There were many days that I sat at the kitchen table with bills piling up, feeling like I had no time in my day and I really needed to be doing something different in my life. I wasn’t immediately sure what that might be. I just keep thinking how am I going to pay off my credit card debt, student loans and get ahead? When the heck is that dream vacation going to happen? I just kept replaying in my head that I was just “too busy”? But, I did realize that wishing I could change all that wasn’t enough.
I was 22, a mom, a wife, working full time, a college student, and scared to death about making ends meet. I was struggling, being pulled in too many directions and not really sure where to turn. I was tired, overwhelmed and feeling desperate. There always seemed to be too much month at the end of my money. Sure, I had months where the money and the month lined up perfectly, but that was just barely. I wanted more. I wanted better for my daughter than just scraping by.
The very next semester I enrolled in a personal finance course at school. I was hooked! Suddenly, it was like a light bulb went off. I felt empowered. I had gained the knowledge to take control over my finances. From that point I embarked on a life-long journey of financial literacy. I studied hard, got my MBA and went on to a wonderful career in finance. I started in brokerage and investing as a Financial Advisor, I moved onto wealth management in the banking industry, and then to financial management in the government sector. This journey allowed me to constantly learn, grow, and improve my money management skills.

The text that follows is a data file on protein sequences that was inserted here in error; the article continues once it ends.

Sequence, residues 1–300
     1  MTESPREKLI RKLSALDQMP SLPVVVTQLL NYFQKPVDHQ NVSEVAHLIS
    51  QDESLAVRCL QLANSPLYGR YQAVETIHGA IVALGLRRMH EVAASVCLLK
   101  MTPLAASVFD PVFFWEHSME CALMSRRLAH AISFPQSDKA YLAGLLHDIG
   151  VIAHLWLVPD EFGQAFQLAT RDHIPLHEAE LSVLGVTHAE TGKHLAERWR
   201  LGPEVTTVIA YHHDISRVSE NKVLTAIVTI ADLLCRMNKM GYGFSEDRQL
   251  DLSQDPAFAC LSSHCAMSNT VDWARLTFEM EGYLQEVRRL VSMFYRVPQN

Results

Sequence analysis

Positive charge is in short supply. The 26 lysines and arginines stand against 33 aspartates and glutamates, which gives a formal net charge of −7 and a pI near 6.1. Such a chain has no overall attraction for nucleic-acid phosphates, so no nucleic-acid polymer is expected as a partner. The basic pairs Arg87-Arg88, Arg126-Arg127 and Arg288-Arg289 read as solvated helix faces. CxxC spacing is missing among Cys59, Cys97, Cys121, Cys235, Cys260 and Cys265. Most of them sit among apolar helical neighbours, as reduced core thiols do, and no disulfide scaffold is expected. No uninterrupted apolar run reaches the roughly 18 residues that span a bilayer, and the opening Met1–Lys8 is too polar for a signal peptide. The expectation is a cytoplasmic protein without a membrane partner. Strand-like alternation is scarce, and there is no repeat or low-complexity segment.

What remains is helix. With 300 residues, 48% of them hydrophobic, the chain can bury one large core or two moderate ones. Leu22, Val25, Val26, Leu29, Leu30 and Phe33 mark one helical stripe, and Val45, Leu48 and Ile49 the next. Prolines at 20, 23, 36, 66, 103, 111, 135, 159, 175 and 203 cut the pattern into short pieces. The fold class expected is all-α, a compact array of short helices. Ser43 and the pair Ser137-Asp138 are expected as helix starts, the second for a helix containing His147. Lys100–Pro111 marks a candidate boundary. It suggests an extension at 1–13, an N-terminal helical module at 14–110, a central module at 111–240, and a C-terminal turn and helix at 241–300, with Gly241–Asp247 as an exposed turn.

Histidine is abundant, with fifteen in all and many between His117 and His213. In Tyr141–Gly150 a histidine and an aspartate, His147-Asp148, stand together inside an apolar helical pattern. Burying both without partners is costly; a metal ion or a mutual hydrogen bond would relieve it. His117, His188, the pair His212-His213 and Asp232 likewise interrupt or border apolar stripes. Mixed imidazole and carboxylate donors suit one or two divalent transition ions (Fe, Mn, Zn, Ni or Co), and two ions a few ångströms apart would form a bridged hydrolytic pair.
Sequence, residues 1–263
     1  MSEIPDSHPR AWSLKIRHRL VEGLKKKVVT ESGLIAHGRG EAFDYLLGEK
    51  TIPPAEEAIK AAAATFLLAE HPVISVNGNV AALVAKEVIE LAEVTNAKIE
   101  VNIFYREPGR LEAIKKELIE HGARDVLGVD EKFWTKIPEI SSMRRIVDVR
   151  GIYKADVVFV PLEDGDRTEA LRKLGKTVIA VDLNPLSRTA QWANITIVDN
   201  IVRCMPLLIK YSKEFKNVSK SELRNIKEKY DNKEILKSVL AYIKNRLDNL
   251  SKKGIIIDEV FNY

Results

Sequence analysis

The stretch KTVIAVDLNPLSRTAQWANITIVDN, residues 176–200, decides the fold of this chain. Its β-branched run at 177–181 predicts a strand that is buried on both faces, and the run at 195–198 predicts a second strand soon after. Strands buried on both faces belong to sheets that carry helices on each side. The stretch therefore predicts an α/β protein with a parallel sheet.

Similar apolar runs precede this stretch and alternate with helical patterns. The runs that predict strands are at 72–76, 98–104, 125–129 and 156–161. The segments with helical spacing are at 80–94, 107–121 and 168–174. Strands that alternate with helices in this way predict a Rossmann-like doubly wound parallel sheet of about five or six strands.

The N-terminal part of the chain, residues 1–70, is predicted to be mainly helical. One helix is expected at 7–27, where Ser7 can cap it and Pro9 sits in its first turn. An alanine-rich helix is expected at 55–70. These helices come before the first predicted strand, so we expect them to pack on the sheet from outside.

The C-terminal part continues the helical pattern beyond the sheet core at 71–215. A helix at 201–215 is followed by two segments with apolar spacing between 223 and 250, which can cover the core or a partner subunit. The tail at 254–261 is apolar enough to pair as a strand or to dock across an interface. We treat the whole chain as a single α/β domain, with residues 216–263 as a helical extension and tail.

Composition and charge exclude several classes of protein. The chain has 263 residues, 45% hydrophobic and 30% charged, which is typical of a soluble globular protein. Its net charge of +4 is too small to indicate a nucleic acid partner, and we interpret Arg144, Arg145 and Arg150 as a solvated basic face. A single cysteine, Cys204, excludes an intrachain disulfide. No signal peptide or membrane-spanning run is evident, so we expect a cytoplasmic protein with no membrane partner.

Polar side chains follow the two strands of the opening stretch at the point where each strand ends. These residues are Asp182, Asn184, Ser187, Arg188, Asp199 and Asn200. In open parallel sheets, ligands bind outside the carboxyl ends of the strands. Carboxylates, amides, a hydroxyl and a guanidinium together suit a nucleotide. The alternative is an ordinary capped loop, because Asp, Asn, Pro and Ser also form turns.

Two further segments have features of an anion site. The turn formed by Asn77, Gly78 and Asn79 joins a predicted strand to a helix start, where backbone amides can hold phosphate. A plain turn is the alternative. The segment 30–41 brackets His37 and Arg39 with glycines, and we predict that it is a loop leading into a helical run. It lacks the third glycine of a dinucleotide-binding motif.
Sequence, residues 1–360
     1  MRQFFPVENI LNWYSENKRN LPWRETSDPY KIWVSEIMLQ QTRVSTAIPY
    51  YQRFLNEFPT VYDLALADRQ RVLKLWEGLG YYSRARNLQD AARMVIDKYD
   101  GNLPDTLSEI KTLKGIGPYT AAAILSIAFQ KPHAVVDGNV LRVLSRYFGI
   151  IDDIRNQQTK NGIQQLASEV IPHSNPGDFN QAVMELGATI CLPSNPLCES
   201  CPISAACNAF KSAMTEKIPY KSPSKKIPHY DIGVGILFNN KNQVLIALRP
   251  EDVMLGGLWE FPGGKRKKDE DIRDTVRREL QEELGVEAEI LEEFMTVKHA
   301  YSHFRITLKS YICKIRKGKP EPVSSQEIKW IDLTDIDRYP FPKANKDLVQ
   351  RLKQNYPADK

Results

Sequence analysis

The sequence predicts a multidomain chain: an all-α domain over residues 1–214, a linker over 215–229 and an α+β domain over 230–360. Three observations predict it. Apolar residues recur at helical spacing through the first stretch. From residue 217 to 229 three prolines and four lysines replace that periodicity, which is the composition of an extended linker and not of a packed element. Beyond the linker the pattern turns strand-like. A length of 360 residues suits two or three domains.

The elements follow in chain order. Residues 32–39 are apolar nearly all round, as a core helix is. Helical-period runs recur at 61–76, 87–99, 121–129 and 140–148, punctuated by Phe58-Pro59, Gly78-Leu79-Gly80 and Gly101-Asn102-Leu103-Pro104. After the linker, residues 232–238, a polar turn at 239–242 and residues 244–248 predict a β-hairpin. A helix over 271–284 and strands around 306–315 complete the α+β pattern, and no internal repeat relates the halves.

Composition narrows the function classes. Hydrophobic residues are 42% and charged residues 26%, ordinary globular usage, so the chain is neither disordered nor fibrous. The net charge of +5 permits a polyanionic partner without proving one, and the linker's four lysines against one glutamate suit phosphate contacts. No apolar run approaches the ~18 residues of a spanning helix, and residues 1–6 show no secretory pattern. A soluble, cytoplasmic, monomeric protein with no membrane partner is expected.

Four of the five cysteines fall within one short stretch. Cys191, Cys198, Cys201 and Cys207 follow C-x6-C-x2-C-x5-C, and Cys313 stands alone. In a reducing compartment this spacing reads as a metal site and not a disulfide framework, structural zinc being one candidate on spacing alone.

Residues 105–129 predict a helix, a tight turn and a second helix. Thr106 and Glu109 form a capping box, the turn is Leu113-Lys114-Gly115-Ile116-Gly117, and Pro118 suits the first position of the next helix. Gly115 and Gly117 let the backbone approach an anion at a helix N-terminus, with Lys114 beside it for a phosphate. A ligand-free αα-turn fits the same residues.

I no longer sat at the kitchen table wondering where my money had gone. I developed a financially sound spending plan and told my money where to go each month. My money was working for me. I was able to gain back my sanity and sense of security.
I found that there were 3 things that contributed to my increased happiness as a result of my improved understanding of how money works, how to earn it, how to keep more of it, how to invest it, how to grow wealth, and subsequently teaching others what I had learned.
Now I know they say that money can’t buy happiness, but it sure helps! One of my favorite quotes about money is by Zig Ziglar, “Money isn’t the most important thing in life, but it’s reasonably close to oxygen on the gotta have it scale.” This always resonated with me as without command of my money, life was challenging at best. I knew that I wasn’t just put on this planet to pay bills and die. There was a whole world full of experiences out there waiting for me. My quest for financial literacy took me on an amazing journey and lots of exciting experiences along the way.
Originally published at www.huffingtonpost.com